Posted by: Kurt at April 29th, 2005 11:39 AM

Reason:

I think this is exactly the direction the industry will take, but for now we are stuck with big drug companies. The new book "More Than Human" suggests that drug development in our country is driven by demand and the FDA approval process.

Drug companies know that there would be a huge demand for life extension therapies, but at this time, aging is not considered a disease. A life extension drug marketed for life extension is not likely to be approved by the FDA.

The author predicts that the first wave of true life extension drugs will not be labeled or marketed as life extension therapy. Instead, its more likely that it will be marketed as treatment for cancer prevention, diabetes prevention, heart disease prevention, blood pressure medicine, etc.

Doctors and patients will quickly see through this. Doctors will begin prescribing the treatment for everybody over a certain age and then the FDA will have to adjust to stay relevant - probably by classifying aging as a disease.

Posted by: Stephen Gordon at April 29th, 2005 12:36 PM

Anyone interested in this may want to watch or get involved in nascent http://sciencecommons.org efforts. A lot will be happening there over the next year.

Disclaimer: I work for Science Commons's parent organization.

Posted by: Mike Linksvayer at April 29th, 2005 4:48 PM

If the readers want to see that this is already happening (not nascent), check out the BIOS Initiative, developed and hosted by CAMBIA, a non-profit (for which I work) in Australia.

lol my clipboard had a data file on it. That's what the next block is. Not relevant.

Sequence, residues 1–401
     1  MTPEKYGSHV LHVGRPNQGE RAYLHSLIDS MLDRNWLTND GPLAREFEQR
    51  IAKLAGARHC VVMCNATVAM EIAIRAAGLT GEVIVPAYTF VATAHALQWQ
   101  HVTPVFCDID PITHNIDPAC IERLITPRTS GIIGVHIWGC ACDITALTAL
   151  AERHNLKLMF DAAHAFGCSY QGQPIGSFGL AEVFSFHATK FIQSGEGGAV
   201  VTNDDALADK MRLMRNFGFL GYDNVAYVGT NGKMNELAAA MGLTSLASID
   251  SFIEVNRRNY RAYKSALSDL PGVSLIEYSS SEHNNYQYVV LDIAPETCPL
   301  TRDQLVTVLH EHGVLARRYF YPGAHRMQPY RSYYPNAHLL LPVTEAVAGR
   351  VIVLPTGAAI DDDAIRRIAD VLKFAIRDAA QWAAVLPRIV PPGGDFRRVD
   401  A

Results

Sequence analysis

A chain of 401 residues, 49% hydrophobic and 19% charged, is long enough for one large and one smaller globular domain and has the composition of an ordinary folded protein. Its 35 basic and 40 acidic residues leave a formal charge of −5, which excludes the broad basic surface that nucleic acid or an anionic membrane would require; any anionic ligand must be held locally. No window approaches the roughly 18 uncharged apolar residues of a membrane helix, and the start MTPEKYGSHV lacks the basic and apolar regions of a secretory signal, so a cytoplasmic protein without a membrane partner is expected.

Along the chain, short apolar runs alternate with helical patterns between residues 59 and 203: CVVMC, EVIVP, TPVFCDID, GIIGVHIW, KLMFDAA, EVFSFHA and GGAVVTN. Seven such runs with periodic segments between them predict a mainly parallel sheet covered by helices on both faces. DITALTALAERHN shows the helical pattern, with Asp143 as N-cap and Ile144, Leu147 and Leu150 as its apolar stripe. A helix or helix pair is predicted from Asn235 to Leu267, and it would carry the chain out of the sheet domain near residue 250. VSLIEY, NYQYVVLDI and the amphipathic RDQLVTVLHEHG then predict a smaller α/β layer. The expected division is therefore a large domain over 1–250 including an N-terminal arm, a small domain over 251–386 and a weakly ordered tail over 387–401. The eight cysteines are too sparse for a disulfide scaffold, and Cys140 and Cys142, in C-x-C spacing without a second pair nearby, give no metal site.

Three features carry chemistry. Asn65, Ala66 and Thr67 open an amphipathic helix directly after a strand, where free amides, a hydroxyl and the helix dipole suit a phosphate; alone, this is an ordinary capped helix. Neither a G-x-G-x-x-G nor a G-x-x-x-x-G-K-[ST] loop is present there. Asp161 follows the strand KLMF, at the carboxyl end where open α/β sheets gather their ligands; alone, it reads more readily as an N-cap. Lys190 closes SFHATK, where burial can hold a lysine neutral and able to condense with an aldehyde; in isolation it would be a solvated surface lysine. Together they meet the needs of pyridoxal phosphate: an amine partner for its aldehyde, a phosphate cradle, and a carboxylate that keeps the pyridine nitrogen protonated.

We've been developing a major public, free resource of full-text patents in life sciences which will soon encompass all patents in all major jurisdiction. Patent Landscapes to make the opaque world of patents more transparent. Licenses and procedures to forge a 'Protected Technology Commons'. A new internet-based distributive research facility called BioForge.net. And new enabling technologies (published in Nature in Feb) that are provided in open source licenses, that eliminate literally hundreds of core patent restrictions in biotechnology.

This is just the beginning, and its extending into public health very soon with additional patent portfolios being converted to BiOS Open Source bioForge projects. For those interested in gerontology, we may have a treat in store, as we have patents on the catalytic subunit of human telomerase that we're about to open source on the 'forge, to develop cancer diagnostics for poor people. These technologies have serious implications for aging research as well.

So just a heads up that its not pie in the sky. This month, Nature Biotechnology, the major journal in the field, has both a profile and a cover editorial on this activity - not fully endorsing it as the field is dominated by entities using old business models (sad to see, with such high technology) which have not yet realized that the tools of innovation - like the low and middle end of the software stack - should be a massively open, rapidly improving technology suite on which industries can profitably and ethically build.

Check out our work and help out. This is a community activity and can only fly with serious thoughtful partners.

http://www.bios.net http://www.cambia.org http://www.bioforge.net

Posted by: Richard A Jefferson at June 23rd, 2005 4:29 PM